@104 afreschetta: And yet you're still here, trolling as usual. Begone, lil MAGA, before you draw more of Pence's flies. If you're so concerned about blockage, maybe you should contact Roto-Rooter. I understand they're particularly good at fixing excess spewage.
@105 BiDanFan: By default of afreschetta @104 trolling, and bragging about what he (she?) is ironically accusing many of us (myself, included) of doing, and by the gracious gesture of fubar, who has already scored this week's FIRDT! Award honors, so he is passing the honors on to the next commenter, this week's Big Hunsky riches shower upon you. Savor the honors and bask in the holiday glow. :)
@131: Ooops! Griz needs to make it official:
@105 BiDanFan: WA-HOOOOOOOOOOOO!!!! For reasons already stated above, you are the lucky recipient of this week's Big Hunsky @100 Award honors! Savor your newfound riches and bask in the glory. :)
@110 musicbiker and @111 curious2: Griz is late into the discussion this week, but your recent comments caught my attention. While I do admit that for me, sex was mostly unenjoyable, I am curious. What makes "good sex"---or, more to the point--what makes sex "amazing"? I wish I could have found out twenty, thirty, thirty-five years ago.
I have never experienced amazing sex. After a one-night stand and an unhealthy marriage, I have since wondered what it was about me that attracted such unloving, abusive and self-serving men.I have rarely, if ever, felt love from another person. So I haven't pursued it, focusing my passion on music, instead (oh how I LOVE the scene featuring Susan Sarandon and Jack Nicholson in The Witches of Eastwick, from 1987, on cello, piano, and extremely rare Stradivarius violin!).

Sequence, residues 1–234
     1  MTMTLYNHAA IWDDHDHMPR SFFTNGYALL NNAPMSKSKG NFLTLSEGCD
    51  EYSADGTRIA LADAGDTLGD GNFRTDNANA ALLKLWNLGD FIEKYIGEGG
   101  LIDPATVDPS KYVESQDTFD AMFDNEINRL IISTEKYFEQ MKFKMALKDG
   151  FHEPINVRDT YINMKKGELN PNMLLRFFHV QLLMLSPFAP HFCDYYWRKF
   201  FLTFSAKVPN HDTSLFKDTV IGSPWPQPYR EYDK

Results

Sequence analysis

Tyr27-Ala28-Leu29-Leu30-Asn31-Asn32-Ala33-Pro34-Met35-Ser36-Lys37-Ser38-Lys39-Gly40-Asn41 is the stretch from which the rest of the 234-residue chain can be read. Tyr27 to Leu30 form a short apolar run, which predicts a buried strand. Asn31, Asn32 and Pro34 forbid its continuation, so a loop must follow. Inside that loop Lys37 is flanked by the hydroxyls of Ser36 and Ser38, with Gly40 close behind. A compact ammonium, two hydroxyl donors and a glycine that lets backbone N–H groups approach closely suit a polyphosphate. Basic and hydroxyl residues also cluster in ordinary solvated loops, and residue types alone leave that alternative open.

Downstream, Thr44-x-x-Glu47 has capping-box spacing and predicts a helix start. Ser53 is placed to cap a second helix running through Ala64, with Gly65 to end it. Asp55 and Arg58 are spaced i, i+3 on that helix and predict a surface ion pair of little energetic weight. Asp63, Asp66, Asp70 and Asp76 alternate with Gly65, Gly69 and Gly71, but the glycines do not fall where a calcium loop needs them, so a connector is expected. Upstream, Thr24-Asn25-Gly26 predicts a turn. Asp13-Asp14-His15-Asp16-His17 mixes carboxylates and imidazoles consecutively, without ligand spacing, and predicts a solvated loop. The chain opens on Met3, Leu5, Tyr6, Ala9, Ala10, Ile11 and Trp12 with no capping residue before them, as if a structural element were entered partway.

Fortunately, my reproductive years and "the change" are mercifully over, thanks to my bilateral hysterectomy this summer. And nobody is bugging me to have a baby anymore. The internal reproductive organs (I had a tipped uterus since age thirteen, that had caused four decades' worth of bloody and painfully nasty monthly misery that was hereditary) that have until recently compromised the quality of my life are thankfully gone. Any last remaining wisps of libido I might have still had went with them.
I am neither bitter nor angry, because I am asexual by choice. I have no regrets about my surgery; I never planned on having children. What I feel now is blessed relief.
Okay--that's Griz's two cents' worth.
There is one recently published feminist book I bought, and have skipped thru. ‘ Mrs Pankhurst’s Purple Feather.’ By Tessa Boase. Those feminists were brave and feisty women.
Music @110, of the women who told you that they don't like sex, how many of those women are survivors of sexual abuse, or simply of bad lovers?